“I think of it like a new world is coming in through that door, rather than a customer.” That is what the owner of the café told us in the end, and it is one of the most memorable things anyone has ever told me.
My mother and I had lunch in Jiyugaoka that day, and the old wooden signboard of the café that read “六文銭(Rokumonsen)” caught my eyes. It clearly stood out from the rest of the street, with a McDonald’s and other cafes going after the current pancake craze. I peeked in through the window of the wooden door. Although I was curious too, I was hesitant to go in. It was fairly dark inside, and from what I could see from the dim lights, all the walls were covered with ancient masks. The atmosphere seemed a little spooky, yet had a magical allure to it. My mom was not so enthusiastic about going in either, but my curiosity got over me and we went inside for a cup of tea.
The interior of the café was quite ordinary, with a counter in the middle and a few tables that could seat two or four people. I wanted to ask the owner about the masks, but my first impression of him was very quiet and stern. Indeed, he only asked us what we wanted to drink, and then went on watching TV behind the counter. My mother and I chatted with each other for a while, until I took a stab at asking him the story behind the masks. The owner glanced up from the counter and there was this short, nervous moment.
“Well, it’s a long story,” he said with a shy smile, but he went on telling us anyway. My image of a quiet looking old man was blown away from there. He was a great storyteller. What we expected to be a short stay at a somewhat unordinary café turned out to be a fascinating two-hour adventure.
As much as I want to get into the story of the owner, the point is that you shouldn’t let a first impression get the best of you. The image of the café before I turned the knob and after was completely different. My assumption of a quiet, stern person turned out to be a cheerful and funny storyteller. This encounter led me to think about why a lot of people tend to assume certain things and how it is restraining us from exploring more.
One of the things I questioned was the usage of the Japanese word, “ギャップ,” a word used when something is different from what we expected. It is used commonly when we talk about people’s personalities. When I really think about it, I realize how the usage comes from our expectations about the individual’s personality based on our own impression. Why do we think of it as a “ギャップ”? What did we expect in the first place? I use this word sometimes, too, but these comments could be seen as offensive stereotypes in some situations.
“You’re a returnee? I would have never guessed if you didn’t tell me!”, “You danced in high school? ギャップだね! (That’s so unexpected!).” I have gotten these a lot in university, and although I’ve never been offended by it, it does make me wonder. “So what kind of image do you have about returnees from abroad and dancers in the first place?” Some Japanese people still have a certain image of returnees having wavy long hair, speaking up a lot, and not being able to read between the lines sometimes (such as not using the honorific language to elders.) In short, there are still images that those who lived abroad for a long time don’t fully understand Japanese manners or rules. For some people, those who dress in flamboyant clothes apparently seemed more “dancer-ish,” especially when it comes to hip-hop. I think some people have these images from TV stars or people they have met in the past. I have straight, undyed hair, I like simple clothes and I’ve never really been the type to speak up a lot. My personality probably did not fit what they expected to see in a returnee or a dancer. A friend I have who fits this particular image of a returnee (other than not being able to use the honorific language) has never lived abroad. However, she told me a lot of people tell her she looks like she can speak English very well.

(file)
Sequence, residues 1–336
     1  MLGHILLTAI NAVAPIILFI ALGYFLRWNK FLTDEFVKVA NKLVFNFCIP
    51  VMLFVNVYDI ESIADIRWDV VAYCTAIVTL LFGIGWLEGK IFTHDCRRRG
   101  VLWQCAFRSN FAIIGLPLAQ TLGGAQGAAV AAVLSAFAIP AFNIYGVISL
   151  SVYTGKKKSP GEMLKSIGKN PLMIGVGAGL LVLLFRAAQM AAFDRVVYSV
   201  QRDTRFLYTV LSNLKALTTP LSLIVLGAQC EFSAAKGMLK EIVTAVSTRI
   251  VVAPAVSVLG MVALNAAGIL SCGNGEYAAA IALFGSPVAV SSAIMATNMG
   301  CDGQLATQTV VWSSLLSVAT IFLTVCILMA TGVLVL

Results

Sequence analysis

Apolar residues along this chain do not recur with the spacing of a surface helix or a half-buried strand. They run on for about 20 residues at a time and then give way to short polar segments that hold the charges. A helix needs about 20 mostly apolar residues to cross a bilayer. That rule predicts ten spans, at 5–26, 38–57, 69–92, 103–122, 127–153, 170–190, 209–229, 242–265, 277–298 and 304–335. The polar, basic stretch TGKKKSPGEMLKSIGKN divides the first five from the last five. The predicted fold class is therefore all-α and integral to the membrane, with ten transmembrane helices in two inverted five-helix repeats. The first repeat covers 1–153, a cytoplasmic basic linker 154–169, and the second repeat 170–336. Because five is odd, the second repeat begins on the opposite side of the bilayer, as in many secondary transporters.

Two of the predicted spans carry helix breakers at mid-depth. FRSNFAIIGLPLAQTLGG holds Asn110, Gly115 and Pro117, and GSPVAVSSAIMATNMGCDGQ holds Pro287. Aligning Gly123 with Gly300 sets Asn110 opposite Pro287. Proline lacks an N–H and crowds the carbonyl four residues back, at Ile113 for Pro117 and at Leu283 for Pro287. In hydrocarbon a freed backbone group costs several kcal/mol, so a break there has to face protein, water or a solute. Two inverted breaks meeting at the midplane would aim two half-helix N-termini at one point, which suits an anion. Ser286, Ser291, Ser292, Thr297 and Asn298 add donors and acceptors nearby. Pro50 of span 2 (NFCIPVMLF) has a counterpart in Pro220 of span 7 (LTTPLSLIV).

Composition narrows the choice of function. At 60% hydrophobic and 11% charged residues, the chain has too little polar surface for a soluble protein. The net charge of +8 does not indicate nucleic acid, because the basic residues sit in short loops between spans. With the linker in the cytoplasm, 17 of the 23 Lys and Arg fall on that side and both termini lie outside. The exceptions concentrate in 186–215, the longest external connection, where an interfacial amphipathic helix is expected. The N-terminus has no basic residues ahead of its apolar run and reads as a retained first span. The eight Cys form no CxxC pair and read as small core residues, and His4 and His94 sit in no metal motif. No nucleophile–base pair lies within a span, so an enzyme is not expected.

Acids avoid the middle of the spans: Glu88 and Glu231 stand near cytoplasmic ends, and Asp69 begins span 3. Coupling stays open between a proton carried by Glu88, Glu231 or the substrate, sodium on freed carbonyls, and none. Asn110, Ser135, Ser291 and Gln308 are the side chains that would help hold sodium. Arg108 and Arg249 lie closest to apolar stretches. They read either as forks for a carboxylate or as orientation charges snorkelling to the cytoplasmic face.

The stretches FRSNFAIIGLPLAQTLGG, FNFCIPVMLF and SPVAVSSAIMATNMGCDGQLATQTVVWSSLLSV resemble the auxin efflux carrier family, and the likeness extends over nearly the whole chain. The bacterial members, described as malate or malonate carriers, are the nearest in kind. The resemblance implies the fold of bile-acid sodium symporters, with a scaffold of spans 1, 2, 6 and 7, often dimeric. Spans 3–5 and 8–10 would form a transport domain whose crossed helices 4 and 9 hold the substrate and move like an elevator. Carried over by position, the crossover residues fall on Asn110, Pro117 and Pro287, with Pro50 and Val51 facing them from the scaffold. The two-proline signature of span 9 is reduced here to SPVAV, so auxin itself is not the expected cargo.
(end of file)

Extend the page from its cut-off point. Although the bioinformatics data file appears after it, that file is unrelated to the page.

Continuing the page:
These little examples show us that a variety of sources in society embeds us with particular images of people or things. It easily becomes the base of our stereotypes and assumptions. Sometimes, it comes from one experience we had. People tend to apply it to other people or situations without deep thought that it could be different.
Of course, I am not putting myself out of this picture. In the past, I have thought that I had more understanding of diversity from my experience living abroad. I even thought that I did not have many stereotypes about others. However, I was wrong. Studying abroad in Canada in my 3rd year of university, I realized that I had my own stereotypes. One of the examples was asking “Where are you from?” to a lot of the Asian students I met at the university. Although there were many exchange students, I realized that there were also many third and fourth generations of Asian immigrants. They were born in Canada and grew up there. Some of them had never been to their parents’ home country or spoken their parents’ mother language. The scary part is, it felt natural asking that question until several of the Asian students told me they were born there. None of them seemed offended by it, but I felt ashamed afterward. I felt it was a stereotype that I assumed all the Asian students were exchange students coming from other countries like me.